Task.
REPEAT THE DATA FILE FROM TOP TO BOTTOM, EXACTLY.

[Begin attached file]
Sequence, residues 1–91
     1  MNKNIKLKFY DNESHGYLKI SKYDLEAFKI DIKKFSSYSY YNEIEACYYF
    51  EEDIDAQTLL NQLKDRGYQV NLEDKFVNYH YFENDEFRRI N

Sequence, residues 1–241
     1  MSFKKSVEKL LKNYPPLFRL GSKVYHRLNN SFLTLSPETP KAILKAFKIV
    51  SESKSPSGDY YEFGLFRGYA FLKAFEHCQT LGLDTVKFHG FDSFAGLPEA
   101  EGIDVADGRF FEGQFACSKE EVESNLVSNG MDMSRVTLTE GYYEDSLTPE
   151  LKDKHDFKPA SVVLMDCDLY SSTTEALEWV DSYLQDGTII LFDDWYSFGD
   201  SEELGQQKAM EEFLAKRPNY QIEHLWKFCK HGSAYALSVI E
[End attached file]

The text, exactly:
Sequence, residues 1–91
     1  MNKNIKLKFY DNESHGYLKI SKYDLEAFKI DIKKFSSYSY YNEIEACYYF
    51  EEDIDAQTLL NQLKDRGYQV NLEDKFVNYH YFENDEFRRI N

Sequence, residues 1–241
     1  MSFKKSVEKL LKNYPPLFRL GSKVYHRLNN SFLTLSPETP KAILKAFKIV
    51  SESKSPSGDY YEFGLFRGYA FLKAFEHCQT LGLDTVKFHG FDSFAGLPEA
   101  EGIDVADGRF FEGQFACSKE EVESNLVSNG MDMSRVTLTE GYYEDSLTPE
   151  LKDKHDFKPA SVVLMDCDLY SSTTEALEWV DSYLQDGTII LFDDWYSFGD
   201  SEELGQQKAM EEFLAKRPNY QIEHLWKFCK HGSAYALSVI E